S&N owns a 30% stake in the Caledonian Brewery, which makes award-winning Deuchars IPA.

Caledonian Brewery managing director Stephen Crawley said: "I've always been a Heineken fan. I don't think it means anything other than more opportunity. We will carry on with our strategy and Heineken will add to the opportunity. I don't think there will be an awful lot of change. Heineken is now the sign above the door."

Camra wants real-ale reassurance

The Campaign for Real Ale (Camra) is seeking urgent reassurances over the future of S&N's real-ale interests. Camra chief executive Mike Benner said: "The relentless obsession with pushing global lager brands is a failing strategy in the UK beer market - and this is fuelling consolidation and hitting profits hard.

"Consolidation inevitably results in brewery closures, brand losses and less choice for Britain's consumers. The deal raises many questions for real-ale drinkers in the UK.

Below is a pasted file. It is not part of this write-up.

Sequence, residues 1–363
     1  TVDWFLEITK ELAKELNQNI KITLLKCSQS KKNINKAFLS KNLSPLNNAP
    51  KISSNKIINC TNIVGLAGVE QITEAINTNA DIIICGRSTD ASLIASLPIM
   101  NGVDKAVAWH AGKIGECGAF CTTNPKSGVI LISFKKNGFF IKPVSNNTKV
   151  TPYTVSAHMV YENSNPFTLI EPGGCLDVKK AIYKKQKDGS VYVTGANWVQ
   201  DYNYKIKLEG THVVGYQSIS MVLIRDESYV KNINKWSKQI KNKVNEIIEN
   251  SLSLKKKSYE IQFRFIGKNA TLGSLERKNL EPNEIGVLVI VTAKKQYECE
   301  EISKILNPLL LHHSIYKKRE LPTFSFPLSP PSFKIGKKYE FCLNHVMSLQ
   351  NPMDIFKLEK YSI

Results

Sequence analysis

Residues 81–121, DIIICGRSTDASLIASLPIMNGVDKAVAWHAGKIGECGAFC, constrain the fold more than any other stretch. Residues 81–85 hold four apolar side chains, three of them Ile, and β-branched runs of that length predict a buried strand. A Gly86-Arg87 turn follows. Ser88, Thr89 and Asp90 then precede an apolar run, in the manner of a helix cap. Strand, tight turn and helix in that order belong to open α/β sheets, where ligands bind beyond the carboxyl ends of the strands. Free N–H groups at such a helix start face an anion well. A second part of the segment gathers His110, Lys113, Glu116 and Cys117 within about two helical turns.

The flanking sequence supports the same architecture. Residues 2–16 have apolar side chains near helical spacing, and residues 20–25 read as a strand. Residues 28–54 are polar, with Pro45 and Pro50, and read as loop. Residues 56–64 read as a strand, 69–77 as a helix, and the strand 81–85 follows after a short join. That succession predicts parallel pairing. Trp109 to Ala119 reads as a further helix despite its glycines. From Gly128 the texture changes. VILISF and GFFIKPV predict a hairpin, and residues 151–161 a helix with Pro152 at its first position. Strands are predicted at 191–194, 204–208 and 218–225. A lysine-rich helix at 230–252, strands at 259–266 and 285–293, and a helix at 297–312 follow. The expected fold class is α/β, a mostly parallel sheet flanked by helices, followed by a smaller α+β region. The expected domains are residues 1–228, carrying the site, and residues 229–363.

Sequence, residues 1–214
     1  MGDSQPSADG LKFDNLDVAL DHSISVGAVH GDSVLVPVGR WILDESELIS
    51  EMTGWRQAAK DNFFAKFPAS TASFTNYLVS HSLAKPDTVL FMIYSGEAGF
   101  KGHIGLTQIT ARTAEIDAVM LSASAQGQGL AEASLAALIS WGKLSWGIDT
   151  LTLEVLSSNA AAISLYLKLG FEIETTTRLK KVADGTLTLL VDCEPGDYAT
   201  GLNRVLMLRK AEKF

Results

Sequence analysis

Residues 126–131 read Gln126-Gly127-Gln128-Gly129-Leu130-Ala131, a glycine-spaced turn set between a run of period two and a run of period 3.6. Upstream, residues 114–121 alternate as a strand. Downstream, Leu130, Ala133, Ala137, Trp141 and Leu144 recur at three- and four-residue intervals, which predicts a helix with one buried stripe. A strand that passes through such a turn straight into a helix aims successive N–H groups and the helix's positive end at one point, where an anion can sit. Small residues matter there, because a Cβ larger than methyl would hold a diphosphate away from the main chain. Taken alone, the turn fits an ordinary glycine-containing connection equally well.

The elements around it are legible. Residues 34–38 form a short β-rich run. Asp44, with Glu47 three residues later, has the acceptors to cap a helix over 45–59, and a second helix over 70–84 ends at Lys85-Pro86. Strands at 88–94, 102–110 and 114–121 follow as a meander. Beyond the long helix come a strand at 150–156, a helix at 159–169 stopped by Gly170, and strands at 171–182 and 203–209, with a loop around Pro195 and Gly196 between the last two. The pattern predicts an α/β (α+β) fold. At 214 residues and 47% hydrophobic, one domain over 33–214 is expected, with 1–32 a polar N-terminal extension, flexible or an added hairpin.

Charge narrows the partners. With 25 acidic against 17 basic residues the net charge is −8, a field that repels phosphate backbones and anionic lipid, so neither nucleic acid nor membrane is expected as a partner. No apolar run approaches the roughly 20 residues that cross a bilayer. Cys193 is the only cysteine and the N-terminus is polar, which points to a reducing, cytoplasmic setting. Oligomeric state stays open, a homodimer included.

"What impact will this have on traditional real ales such as John Smith's and smaller regional brands such as Magnet?

"We will be seeking reassurances from the new owners that they will be investing in their real-ale brands and breweries to meet the needs of today's beer drinkers, who are increasingly demanding real ale.

"Camra is concerned about the impact the takeover could have on WaverleyTBS, a major distributor of real ales, the contract brewing of Theakston's Best Bitter and the partnership with the Caledonian Brewing Company.

"The takeover is expected to be considered by the European Commission, and Camra is calling for an in-depth review of competition and consumer choice in the EU beer market."

Benner added: "The lager-led approach of the global brewers has been flawed for years. Consumers demand choice, quality and provenance. Fortunately the increasing numbers of small and independent real-ale breweries in the UK are rising up to fill the void in the market where demand for local and regional beer continues to grow."